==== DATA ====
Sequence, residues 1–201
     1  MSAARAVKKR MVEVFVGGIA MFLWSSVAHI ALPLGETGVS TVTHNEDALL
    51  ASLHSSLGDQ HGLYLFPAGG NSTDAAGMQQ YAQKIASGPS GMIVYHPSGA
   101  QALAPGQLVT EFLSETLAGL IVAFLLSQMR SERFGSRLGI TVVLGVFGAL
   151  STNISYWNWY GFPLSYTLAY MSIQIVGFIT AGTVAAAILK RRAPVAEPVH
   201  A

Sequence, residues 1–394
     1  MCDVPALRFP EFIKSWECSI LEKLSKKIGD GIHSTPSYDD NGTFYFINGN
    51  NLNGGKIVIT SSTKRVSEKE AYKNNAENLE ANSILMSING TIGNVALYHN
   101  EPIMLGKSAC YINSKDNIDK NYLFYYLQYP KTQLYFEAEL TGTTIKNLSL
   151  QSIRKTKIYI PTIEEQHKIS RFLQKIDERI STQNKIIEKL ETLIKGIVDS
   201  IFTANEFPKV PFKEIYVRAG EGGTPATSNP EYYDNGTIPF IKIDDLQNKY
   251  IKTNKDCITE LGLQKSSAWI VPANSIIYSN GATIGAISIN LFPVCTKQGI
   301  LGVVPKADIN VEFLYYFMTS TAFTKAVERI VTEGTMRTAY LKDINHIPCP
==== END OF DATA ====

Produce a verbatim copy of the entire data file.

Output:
Sequence, residues 1–201
     1  MSAARAVKKR MVEVFVGGIA MFLWSSVAHI ALPLGETGVS TVTHNEDALL
    51  ASLHSSLGDQ HGLYLFPAGG NSTDAAGMQQ YAQKIASGPS GMIVYHPSGA
   101  QALAPGQLVT EFLSETLAGL IVAFLLSQMR SERFGSRLGI TVVLGVFGAL
   151  STNISYWNWY GFPLSYTLAY MSIQIVGFIT AGTVAAAILK RRAPVAEPVH
   201  A

Sequence, residues 1–394
     1  MCDVPALRFP EFIKSWECSI LEKLSKKIGD GIHSTPSYDD NGTFYFINGN
    51  NLNGGKIVIT SSTKRVSEKE AYKNNAENLE ANSILMSING TIGNVALYHN
   101  EPIMLGKSAC YINSKDNIDK NYLFYYLQYP KTQLYFEAEL TGTTIKNLSL
   151  QSIRKTKIYI PTIEEQHKIS RFLQKIDERI STQNKIIEKL ETLIKGIVDS
   201  IFTANEFPKV PFKEIYVRAG EGGTPATSNP EYYDNGTIPF IKIDDLQNKY
   251  IKTNKDCITE LGLQKSSAWI VPANSIIYSN GATIGAISIN LFPVCTKQGI
   301  LGVVPKADIN VEFLYYFMTS TAFTKAVERI VTEGTMRTAY LKDINHIPCP